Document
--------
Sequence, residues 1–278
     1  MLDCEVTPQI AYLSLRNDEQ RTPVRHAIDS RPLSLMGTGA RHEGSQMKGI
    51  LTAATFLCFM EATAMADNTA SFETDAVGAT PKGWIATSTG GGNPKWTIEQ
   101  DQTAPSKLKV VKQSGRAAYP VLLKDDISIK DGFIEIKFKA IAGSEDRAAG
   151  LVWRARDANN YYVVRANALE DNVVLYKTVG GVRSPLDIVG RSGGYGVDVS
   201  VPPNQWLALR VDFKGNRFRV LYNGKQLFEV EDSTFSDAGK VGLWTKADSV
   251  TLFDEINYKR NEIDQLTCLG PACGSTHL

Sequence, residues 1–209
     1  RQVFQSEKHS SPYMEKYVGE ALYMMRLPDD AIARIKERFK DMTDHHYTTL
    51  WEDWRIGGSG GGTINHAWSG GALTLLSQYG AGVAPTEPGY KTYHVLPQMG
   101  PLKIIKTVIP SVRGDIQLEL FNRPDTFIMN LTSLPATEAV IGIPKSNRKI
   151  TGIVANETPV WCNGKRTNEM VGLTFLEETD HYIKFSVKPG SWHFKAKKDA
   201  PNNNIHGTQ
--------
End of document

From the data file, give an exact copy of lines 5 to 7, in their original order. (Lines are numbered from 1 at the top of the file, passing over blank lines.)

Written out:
   151  LVWRARDANN YYVVRANALE DNVVLYKTVG GVRSPLDIVG RSGGYGVDVS
   201  VPPNQWLALR VDFKGNRFRV LYNGKQLFEV EDSTFSDAGK VGLWTKADSV
   251  TLFDEINYKR NEIDQLTCLG PACGSTHL